Whoever thought theatre could be live-streamed? When William Shakespeare wrote ‘All the world is a stage’, he definitely did not envision a future where one could hold the stage in his palm, literally. Something that revolved around audience interactions is today being streamed on to handheld devices. And, surprisingly, the transition has been smooth. Artists are also going the extra mile. They are not only performing monologues and one-act shows, but also ‘stitching’ together different performances to present a composite performance. If you are still wondering how to go online with stagecraft, we break it down for you.
Broadcast platforms such as Facebook Live and YouTube are one of the most sought-after when it comes to streaming theatre. Available on a variety of devices, the intensive social media integration also helps. In case you are using mobile streaming services, Periscope and Instagram Live can be your best bet—operable on smartphone or tablet.
Office Tools Work
With webinars becoming the new routine, using various software to broadcast a one-to-many stream to an invited audience, is making it easier for theatre-related workshops and interactive sessions. The most popular platform is, of course, Zoom, followed by Google Meet. The advantages are manifold—from managing user numbers and creating interactivity, to streamlining payment.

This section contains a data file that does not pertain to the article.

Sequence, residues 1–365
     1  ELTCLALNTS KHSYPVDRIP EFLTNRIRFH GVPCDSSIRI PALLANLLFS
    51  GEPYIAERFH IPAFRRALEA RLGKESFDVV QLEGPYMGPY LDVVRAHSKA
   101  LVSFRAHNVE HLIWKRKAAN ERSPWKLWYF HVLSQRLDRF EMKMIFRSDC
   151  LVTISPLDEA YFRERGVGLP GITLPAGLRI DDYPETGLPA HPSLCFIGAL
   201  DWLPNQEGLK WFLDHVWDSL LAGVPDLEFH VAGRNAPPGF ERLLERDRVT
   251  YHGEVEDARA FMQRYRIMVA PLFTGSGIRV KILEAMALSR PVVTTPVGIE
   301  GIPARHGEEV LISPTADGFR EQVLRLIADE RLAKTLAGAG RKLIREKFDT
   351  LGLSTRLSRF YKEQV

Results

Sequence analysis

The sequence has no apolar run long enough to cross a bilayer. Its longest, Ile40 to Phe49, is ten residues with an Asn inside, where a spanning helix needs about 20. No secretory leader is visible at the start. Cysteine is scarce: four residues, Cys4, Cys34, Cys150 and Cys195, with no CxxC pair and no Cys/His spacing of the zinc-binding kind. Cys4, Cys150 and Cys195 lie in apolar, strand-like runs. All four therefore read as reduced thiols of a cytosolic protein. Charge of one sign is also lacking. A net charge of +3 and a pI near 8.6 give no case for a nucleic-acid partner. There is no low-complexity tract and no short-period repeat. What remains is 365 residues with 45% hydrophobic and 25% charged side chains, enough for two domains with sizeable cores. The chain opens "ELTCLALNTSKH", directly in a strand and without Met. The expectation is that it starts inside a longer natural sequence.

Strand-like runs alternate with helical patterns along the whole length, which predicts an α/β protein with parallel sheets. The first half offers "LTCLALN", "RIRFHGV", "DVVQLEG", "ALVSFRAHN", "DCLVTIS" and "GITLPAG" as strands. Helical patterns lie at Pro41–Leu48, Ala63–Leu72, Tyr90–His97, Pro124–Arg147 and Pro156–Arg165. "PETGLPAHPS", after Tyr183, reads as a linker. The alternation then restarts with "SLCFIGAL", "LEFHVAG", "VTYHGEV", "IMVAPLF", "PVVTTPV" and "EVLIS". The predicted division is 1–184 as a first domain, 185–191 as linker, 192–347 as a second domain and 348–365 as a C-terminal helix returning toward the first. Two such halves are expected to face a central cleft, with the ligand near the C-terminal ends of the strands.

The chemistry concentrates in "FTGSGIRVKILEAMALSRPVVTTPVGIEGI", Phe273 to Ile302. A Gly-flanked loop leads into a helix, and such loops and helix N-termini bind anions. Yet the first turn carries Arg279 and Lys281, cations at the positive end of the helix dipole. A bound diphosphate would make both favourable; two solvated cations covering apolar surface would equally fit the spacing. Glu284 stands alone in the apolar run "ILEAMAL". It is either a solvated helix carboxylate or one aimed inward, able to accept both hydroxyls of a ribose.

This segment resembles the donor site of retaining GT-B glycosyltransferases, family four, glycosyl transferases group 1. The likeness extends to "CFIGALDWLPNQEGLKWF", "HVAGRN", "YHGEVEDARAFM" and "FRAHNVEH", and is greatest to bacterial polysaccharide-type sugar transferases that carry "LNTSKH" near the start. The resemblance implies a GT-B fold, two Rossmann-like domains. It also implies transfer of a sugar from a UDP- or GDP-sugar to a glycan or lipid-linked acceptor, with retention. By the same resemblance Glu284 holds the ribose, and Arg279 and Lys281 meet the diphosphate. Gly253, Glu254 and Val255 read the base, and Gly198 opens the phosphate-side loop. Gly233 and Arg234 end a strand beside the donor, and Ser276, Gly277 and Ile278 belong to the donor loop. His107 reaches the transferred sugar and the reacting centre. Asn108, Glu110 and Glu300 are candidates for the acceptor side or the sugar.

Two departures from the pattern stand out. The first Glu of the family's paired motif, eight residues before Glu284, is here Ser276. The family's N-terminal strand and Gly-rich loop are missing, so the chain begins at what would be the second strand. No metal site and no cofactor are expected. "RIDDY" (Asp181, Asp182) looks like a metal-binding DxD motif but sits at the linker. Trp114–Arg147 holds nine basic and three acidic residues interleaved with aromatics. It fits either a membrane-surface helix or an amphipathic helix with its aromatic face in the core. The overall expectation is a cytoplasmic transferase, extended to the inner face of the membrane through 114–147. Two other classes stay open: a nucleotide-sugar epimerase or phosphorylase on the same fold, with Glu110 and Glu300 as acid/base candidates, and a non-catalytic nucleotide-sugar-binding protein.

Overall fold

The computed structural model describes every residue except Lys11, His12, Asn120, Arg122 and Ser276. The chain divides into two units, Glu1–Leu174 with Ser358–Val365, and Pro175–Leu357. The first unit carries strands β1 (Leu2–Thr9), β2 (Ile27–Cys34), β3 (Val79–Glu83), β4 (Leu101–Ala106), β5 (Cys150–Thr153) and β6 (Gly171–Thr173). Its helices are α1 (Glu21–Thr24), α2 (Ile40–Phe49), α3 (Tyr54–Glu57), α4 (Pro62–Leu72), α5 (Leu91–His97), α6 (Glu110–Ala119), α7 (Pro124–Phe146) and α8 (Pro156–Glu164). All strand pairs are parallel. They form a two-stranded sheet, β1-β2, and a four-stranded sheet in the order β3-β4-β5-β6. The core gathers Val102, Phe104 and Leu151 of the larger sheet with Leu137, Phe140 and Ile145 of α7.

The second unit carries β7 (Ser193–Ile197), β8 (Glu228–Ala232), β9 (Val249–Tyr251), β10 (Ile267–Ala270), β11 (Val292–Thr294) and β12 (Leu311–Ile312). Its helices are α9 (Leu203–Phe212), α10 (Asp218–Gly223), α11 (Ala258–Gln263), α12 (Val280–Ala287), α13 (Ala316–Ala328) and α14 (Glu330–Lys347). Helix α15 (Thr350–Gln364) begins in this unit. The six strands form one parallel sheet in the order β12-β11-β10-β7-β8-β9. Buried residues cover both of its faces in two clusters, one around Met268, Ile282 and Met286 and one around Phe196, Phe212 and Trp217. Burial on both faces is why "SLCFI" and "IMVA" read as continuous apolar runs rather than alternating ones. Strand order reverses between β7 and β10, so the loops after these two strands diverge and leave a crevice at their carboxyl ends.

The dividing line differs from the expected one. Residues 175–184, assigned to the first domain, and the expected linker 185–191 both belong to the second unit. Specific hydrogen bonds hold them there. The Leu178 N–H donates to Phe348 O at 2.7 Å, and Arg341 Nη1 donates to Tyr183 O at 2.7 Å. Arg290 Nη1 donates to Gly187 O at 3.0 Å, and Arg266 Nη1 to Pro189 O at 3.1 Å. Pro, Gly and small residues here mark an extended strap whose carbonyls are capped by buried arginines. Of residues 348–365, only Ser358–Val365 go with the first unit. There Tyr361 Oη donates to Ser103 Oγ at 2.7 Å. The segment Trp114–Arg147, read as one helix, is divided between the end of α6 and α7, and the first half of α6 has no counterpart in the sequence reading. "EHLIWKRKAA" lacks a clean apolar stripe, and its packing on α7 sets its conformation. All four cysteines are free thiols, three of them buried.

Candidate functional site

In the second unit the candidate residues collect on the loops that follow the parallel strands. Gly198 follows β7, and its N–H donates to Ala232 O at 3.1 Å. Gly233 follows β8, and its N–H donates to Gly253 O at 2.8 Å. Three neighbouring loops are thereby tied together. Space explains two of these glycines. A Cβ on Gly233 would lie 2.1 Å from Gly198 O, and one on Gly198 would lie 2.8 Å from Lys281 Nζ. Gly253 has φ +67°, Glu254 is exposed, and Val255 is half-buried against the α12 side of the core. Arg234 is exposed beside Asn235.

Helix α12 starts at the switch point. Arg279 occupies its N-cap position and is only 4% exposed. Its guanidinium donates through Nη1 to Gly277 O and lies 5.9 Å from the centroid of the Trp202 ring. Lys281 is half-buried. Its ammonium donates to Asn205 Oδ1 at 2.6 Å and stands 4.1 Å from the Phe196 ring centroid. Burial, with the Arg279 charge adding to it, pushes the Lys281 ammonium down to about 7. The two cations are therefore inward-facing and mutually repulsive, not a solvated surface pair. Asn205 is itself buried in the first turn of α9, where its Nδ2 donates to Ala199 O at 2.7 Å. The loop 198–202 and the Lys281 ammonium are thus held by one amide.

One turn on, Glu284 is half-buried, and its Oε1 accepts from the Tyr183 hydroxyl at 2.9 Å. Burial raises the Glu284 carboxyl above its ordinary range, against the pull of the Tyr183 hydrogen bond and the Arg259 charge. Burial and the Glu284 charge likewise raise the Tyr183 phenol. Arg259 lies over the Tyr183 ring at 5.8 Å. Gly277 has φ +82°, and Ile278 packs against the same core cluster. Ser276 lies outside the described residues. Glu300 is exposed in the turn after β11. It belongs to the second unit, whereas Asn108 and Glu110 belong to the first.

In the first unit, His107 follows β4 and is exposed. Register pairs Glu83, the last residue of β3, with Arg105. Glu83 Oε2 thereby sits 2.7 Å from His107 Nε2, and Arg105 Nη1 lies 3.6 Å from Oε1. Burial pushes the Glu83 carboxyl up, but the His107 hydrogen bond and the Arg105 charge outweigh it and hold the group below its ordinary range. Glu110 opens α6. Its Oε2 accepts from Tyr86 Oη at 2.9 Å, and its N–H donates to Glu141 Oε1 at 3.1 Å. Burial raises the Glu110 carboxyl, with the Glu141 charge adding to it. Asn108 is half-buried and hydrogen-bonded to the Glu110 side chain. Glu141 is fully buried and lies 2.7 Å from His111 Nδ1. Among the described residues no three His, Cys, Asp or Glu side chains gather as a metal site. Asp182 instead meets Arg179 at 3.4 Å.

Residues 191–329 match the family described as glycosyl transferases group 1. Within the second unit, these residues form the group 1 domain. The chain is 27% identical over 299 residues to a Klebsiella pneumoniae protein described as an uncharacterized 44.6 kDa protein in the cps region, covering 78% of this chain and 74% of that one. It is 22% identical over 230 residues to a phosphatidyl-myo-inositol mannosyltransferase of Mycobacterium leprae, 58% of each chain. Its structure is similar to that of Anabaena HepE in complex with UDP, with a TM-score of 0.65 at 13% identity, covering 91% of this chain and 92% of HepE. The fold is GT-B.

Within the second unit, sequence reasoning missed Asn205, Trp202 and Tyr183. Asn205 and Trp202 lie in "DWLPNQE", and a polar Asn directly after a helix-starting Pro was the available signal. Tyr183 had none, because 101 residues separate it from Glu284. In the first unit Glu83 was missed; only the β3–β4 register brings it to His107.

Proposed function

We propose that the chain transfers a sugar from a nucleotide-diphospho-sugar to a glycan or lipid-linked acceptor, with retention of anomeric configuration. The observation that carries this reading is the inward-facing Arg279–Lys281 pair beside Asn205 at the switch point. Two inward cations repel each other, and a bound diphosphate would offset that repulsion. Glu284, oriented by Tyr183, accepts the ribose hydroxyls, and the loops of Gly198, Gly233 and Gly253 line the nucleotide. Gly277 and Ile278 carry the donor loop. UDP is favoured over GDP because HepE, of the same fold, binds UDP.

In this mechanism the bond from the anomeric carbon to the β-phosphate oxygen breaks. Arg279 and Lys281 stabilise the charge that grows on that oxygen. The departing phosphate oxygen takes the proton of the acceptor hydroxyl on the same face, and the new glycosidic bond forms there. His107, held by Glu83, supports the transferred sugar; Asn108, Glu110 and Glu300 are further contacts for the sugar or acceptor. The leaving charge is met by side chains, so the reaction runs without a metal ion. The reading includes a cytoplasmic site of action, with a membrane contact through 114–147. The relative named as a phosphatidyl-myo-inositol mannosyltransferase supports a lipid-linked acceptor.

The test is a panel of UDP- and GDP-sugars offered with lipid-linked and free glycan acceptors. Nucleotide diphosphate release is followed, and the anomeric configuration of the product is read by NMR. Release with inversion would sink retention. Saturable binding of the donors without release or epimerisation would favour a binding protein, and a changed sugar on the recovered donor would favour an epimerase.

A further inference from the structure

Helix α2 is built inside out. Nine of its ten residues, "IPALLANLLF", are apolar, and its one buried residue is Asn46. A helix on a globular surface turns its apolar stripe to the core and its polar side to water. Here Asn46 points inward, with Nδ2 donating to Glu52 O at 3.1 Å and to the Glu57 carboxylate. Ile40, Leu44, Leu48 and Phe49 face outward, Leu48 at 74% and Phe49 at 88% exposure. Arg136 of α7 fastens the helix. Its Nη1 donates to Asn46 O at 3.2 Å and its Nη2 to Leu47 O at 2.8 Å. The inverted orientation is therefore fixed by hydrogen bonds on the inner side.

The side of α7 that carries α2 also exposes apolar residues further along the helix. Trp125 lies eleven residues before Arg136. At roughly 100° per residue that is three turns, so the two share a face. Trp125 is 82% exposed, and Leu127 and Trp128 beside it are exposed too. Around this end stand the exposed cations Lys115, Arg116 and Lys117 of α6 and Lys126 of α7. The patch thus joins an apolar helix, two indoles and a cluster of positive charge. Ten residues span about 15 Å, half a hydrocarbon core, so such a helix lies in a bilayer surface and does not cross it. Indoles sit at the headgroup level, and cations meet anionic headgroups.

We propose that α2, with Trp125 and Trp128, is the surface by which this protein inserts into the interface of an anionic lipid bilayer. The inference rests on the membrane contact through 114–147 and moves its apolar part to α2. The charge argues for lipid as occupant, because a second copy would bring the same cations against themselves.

Browse for the Best
It’s important to get the right platform. Know what the audience wants. Try out newer platforms such as YouNow, Twitch and Mixer to determine what suits you and your audience the best. Remember not to confuse your audience by bombarding them with too many platforms.
Consistency is Key
Keep your broadcasts regular. The audience should expect you. Being on schedule will make it easier for your viewers to follow you. Otherwise, make use of the Discord server. This way you can update your followers about when you plan to go live. It also helps you interact with your supporters.
While a smartphone may seem handy, opt for a professional PC/Mac set-up to maximise the quality of your performances. Invest in good software and hardware. No budget is too small to get the right equipment. Google and speak to experts about what might work for you without burning a hole in your pocket.
It is important to create a setting for your streams. Even if it is just your bedroom or living room, treat it as a live-stream studio space. Pay attention to the right lighting, placement and camera angles. These can do wonders for your performances. Remember, as in life, first impressions are critical—maybe, more so online.
Slow and Steady
Don’t expect viewers to flood straight to your new single or new music video if you don’t mention it on your stream. Calls to action are important, especially during live broadcasts. If your supporters are already there, living with you in the moment, they’re likely to jump across to a link to new music if you mention it.